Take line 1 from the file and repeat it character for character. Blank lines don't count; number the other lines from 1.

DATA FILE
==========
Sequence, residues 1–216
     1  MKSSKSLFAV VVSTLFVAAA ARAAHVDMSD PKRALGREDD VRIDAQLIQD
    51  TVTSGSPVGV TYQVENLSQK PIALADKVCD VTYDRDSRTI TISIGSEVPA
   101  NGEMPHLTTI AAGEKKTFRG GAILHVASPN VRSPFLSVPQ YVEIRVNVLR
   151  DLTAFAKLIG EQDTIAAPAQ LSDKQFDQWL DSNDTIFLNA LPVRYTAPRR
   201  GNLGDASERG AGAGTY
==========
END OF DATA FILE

Sequence, residues 1–216